For every three or four ounces of milk, Chobani and other companies can produce only one ounce of creamy Greek yogurt. The rest becomes acid whey. It’s a thin, runny waste product that can’t simply be dumped. Not only would that be illegal, but whey decomposition is toxic to the natural environment, robbing oxygen from streams and rivers. That could turn a waterway into what one expert calls a “dead sea,” destroying aquatic life over potentially large areas. Spills of cheese whey, a cousin of Greek yogurt whey, have killed tens of thousands of fish around the country in recent years.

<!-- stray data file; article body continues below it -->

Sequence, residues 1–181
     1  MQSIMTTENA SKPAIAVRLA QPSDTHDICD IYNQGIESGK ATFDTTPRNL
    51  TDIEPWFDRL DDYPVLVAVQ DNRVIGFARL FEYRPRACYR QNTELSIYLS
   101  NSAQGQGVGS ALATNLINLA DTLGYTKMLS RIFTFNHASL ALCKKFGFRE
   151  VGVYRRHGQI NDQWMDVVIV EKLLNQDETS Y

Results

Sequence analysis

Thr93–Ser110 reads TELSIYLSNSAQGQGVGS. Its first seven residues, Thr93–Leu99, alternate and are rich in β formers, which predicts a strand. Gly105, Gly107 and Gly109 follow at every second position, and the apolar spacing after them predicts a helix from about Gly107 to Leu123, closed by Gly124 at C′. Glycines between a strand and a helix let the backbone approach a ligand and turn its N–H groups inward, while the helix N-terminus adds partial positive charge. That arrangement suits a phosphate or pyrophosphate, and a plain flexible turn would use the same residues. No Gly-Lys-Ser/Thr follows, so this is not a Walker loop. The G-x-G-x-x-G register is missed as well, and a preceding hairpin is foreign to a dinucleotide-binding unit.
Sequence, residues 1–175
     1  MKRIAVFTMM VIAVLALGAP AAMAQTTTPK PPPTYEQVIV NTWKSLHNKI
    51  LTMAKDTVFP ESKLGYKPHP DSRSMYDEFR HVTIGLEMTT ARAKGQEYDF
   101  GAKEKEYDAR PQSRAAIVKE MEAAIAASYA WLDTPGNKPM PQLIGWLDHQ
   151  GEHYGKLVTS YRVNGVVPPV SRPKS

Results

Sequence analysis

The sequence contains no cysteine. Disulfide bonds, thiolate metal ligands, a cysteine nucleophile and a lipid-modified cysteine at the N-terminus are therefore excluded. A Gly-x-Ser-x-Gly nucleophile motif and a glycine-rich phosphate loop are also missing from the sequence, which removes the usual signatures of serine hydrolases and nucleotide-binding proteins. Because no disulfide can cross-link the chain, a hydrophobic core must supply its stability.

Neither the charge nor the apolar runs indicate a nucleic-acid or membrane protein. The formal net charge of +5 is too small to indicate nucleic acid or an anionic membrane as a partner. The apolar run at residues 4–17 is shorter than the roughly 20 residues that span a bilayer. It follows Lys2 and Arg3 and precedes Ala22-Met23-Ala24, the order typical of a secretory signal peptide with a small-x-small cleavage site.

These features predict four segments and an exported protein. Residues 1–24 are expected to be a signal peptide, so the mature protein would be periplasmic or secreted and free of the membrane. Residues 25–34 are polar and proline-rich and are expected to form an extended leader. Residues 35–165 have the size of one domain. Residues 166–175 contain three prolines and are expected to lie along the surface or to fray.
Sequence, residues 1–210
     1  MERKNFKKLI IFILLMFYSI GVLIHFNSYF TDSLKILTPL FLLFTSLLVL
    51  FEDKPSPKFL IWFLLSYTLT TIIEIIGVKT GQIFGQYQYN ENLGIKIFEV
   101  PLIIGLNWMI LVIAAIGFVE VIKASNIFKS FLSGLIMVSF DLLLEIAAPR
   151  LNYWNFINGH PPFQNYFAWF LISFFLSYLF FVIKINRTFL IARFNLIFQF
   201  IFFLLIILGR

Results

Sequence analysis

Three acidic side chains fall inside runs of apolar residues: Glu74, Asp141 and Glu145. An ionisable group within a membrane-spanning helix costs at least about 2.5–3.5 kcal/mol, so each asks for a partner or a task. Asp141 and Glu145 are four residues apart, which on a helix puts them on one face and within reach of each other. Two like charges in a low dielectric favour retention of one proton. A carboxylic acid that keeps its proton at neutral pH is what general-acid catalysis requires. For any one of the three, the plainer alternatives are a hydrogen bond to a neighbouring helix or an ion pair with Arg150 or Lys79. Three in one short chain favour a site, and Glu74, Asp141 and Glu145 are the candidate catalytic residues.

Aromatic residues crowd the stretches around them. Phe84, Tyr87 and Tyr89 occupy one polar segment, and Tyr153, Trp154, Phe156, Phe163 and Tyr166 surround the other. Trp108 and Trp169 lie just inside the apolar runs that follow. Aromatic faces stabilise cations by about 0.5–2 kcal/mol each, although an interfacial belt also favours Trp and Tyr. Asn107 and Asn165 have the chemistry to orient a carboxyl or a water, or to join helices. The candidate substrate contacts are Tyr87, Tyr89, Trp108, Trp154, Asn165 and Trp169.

The scale of the problem—or opportunity, depending on who you ask—is daunting. The $2 billion Greek yogurt market has become one of the biggest success stories in food over the past few years and total yogurt production in New York nearly tripled between 2007 and 2013. New plants continue to open all over the country. The Northeast alone, led by New York, produced more than 150 million gallons of acid whey last year, according to one estimate.
On the plus side, it looks like there might be some viable uses for whey that might end up in play in the next five or ten years. But not so much right now.